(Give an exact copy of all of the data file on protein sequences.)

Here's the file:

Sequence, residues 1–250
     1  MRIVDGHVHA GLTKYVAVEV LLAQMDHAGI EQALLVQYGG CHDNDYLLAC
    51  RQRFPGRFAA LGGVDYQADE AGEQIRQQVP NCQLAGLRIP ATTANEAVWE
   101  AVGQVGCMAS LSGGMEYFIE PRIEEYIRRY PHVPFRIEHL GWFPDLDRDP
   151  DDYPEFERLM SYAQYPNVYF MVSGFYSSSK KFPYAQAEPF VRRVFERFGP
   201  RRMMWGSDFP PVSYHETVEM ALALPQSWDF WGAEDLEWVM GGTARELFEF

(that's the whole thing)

Sequence, residues 1–250
     1  MRIVDGHVHA GLTKYVAVEV LLAQMDHAGI EQALLVQYGG CHDNDYLLAC
    51  RQRFPGRFAA LGGVDYQADE AGEQIRQQVP NCQLAGLRIP ATTANEAVWE
   101  AVGQVGCMAS LSGGMEYFIE PRIEEYIRRY PHVPFRIEHL GWFPDLDRDP
   151  DDYPEFERLM SYAQYPNVYF MVSGFYSSSK KFPYAQAEPF VRRVFERFGP
   201  RRMMWGSDFP PVSYHETVEM ALALPQSWDF WGAEDLEWVM GGTARELFEF